2nd > February > 2008 Archive
D-Wave Systems has attracted a lot of criticism from computer scientists over claims it has developed a way to create a marketable quantum computer. But whether its technology will ever be viable outside of a laboratory setting or not, investors seem to be eating it up.
!!!!! Would YaMicrohoosoft! hamper market competition? If Jerry Yang finally agrees to be swallowed by Steve Ballmer, that's a question for regulators in the US as well as the EU. But first, another question needs answering: Which US regulator will review the acquisition: the Department of Justice (DoJ) or the Federal Trade Commission (FTC)?
Google invited developers to its London office for one of three workshops - the others being in Munich and Tel Aviv to spread the word and teach developers how to write for their new OS. Another event will be held in Boston on February 23rd (check at the blog for an announcement). Here's what they told us. The mantra for Android is that it’s "a complete and modern embedded OS, with a cutting edge mobile user experience, a world class software stack for building apps and open platform for developers users and industry". That of course breaks into lots of different specifics some of which are more solid than others. Computer people coming to mobile have a very different view of phone architecture to phone people adding features. Phone people see the phone functions - the GSM chipset, Bluetooth, DVB-H, for example, as a foundation, with drivers on top. Then there's an abstraction layer, an operating system, a user interface framework and the applications on top.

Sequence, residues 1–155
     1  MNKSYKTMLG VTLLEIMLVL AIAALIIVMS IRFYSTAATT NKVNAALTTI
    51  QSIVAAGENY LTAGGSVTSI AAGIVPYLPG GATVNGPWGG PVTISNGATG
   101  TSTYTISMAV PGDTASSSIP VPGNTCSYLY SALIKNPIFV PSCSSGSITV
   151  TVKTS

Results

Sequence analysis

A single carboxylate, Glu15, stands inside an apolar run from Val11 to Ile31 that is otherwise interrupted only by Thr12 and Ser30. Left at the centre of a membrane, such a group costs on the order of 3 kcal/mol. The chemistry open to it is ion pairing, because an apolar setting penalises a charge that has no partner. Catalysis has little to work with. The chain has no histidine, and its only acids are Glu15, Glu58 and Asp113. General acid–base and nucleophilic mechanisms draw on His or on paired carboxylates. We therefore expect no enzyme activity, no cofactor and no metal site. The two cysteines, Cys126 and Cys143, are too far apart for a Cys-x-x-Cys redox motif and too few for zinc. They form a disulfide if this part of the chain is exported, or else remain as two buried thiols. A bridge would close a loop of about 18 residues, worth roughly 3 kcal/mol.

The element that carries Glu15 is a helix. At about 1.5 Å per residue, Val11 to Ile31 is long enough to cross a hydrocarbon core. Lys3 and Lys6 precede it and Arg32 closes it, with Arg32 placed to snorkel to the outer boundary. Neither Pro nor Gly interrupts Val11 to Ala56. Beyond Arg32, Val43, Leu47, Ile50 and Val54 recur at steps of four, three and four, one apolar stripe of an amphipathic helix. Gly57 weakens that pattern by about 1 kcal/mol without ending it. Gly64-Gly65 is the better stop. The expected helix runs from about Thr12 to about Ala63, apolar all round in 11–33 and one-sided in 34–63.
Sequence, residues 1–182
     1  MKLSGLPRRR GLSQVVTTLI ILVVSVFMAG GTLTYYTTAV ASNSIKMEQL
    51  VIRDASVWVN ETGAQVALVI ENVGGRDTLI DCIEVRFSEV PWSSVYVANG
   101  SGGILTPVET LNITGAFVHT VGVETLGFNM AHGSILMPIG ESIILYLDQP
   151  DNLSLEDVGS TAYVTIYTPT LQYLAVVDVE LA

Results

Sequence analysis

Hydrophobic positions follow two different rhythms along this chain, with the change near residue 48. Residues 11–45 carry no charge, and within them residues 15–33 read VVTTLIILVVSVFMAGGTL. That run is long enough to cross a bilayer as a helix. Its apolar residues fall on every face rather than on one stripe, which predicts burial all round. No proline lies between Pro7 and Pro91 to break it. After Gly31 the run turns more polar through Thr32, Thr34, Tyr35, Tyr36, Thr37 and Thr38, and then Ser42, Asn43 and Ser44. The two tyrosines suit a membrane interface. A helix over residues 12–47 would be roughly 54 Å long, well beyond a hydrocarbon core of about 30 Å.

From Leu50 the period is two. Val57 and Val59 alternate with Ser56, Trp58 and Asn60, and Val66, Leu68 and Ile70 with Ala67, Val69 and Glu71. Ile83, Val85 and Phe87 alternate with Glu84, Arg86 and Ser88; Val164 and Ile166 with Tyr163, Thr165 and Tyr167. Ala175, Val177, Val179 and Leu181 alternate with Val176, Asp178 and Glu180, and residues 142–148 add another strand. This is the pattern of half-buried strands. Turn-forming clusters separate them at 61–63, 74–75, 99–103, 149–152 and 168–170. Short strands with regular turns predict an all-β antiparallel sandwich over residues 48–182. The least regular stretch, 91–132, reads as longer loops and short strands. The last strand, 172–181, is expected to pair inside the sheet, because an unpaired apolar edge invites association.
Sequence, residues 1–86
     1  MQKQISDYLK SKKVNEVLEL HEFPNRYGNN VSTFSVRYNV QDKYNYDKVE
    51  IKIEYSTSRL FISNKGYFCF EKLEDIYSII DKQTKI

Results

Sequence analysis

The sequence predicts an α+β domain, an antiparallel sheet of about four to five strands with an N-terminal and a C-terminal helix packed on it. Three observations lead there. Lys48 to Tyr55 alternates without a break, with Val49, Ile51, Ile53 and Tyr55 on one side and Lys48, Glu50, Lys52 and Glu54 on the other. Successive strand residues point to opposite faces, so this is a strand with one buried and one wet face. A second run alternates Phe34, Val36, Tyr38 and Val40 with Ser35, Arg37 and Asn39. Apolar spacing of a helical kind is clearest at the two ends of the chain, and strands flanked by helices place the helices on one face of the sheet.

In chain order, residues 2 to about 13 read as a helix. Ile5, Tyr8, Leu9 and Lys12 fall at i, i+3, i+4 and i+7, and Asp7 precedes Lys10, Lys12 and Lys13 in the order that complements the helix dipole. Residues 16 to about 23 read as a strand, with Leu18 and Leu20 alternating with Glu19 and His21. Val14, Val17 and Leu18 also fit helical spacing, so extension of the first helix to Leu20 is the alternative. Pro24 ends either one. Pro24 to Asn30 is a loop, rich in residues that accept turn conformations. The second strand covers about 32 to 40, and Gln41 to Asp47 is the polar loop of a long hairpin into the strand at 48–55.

Unwired Video Review You might think that digital photo frames are all much the same - but there are small details that can make all the difference when you’re splashing out the cash.
At the curiously-named Gobbler's Knob, in the town of Punxsutawney, western Pennsylvania, just a few moments ago, the little furry form of Punxsutawney Phil cautiously emerged, sniffed around for a bit... and then quietly muttered in Groundhogese that his own shadow he could see. So according to the seer of seers, the prognosticator of prognosticators, an early Spring is out of the question for 2008.
In 2002, a couple of hardware geeks thrust a crazy, fresh idea on the computing community. Chris Hipp, a co-founder of blade maker RLX, and Wu-chun Feng, then a researcher at Los Alamos National Laboratory, concocted a very powerful cluster with servers based on laptop chips from Transmeta. The cluster failed to outperform similar Xeon-based systems, but it could run in a desert warehouse with no special cooling and with less failures than other Los Alamos boxes protected by very expensive air conditioning systems.
Scientists hoping to educate the public about environmental concerns could do themselves and the public a favor by abandoning hyperbolic scare tactics in favor of straightforward talk, according to a prominent scientist.